In some of the past blog posts, where people have a degree of stability, there are mentions of using HomePlug devices to provide backhaul for satellite discs (at which point they are not really satellite any longer).  In other words, by connecting the disc to ethernet, the disc uses ethernet for it's backhaul and therefore does not have to take part in any mesh activity.  Reinforcing the 'hunch' that the problem stems from the meshing algo in the firmware.  If there were only a single 'mesh' disc, all others being ethernet, then I could see that also potentially being a more stable situation as the single 'mesh' disc would really be working like a repeater.

I personally never tried using multiple discs all with ethernet backhaul, well not on this latest 'build 10' firmware.  When I tried it on previous firmware revisions it forced each ethernet connected disc to treat itself as the primary disc and effectively form a new wifi network (albeit with the same SSID), the network split, it certainly was not a mesh.  This meant from the app you only saw the discs for the SSID that your phone was connected to.  Clients did not roam between mesh nodes, they switched WiFi networks (albeit with the same SSID).  In fact this was a feature request I made to BT at the time for the disc to prefer ethernet backhaul over mesh-wifi backhaul and allow multiple nodes of the mesh to provide ethernet backhaul.  (Well, that's what I was doing with my mesh firmware 7 years previous so I felt it wouldnt be too difficult for BT to do).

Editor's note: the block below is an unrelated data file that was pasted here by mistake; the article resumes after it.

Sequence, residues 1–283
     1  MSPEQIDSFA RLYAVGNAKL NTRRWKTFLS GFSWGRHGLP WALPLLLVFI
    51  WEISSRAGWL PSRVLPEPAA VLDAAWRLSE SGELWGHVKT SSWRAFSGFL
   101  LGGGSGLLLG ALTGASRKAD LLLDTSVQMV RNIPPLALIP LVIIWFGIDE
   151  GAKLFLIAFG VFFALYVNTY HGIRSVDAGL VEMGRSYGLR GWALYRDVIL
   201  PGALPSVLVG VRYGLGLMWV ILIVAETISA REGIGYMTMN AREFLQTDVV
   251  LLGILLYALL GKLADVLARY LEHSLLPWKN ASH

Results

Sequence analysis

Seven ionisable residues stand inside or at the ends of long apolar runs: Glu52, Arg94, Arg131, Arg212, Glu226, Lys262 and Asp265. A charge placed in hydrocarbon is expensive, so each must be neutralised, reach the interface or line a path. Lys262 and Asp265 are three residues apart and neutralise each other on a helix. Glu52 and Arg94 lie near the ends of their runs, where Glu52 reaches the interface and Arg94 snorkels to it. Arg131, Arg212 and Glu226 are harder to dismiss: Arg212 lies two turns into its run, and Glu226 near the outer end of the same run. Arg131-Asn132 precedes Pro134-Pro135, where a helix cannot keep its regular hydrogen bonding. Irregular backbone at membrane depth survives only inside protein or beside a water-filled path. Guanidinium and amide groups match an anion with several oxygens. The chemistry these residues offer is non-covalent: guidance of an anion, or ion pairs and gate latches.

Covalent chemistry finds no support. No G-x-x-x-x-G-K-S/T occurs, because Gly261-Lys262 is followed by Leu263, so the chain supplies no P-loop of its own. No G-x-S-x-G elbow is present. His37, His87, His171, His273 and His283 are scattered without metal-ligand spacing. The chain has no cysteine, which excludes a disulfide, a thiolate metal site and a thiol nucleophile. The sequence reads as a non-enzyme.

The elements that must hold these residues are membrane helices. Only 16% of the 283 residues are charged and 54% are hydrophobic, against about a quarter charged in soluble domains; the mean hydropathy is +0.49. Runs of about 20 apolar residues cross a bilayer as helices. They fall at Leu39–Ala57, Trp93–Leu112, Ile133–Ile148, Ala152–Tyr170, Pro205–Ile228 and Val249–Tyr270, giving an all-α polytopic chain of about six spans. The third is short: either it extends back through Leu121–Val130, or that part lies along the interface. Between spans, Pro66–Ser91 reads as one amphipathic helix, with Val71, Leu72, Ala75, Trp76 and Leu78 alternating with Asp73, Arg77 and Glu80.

Although I have previously read every post in this blog I do not recall if anyone has tried using multiple discs, but all with ethernet (or homeplug) backhaul, with any noticeable difference compared to using mesh on 'build 10'.


I ran all with ethernet backhaul and sadly I still had problems. From what I understand the mesh network is more to do with handling client handover than it is about routing data so i expect you can still have a mesh network with an ethernet backhaul to handle the client handover negotiations and reliable reception.

I have run in many configurations all of which had problems and all of which involved ethernet backhaul on various network equipment and all randomly crashed (even before this firmware update though it did seem to het more frequent). A BT home hub 6 was the router in each case. I had:

1. 16 port 100Mbps unmanaged switch plugged into single port on router with all wired devices from the local network and the whole home plugged into the switch

2. 16 port 1Gbps unmanaged switch plugged into single port on router with all wired devices from the local network and the whole home plugged into the switch

3. Nothing plugged into the bt home hub except for the 3 disks and an xbox one (ironically this seemed the most unstable)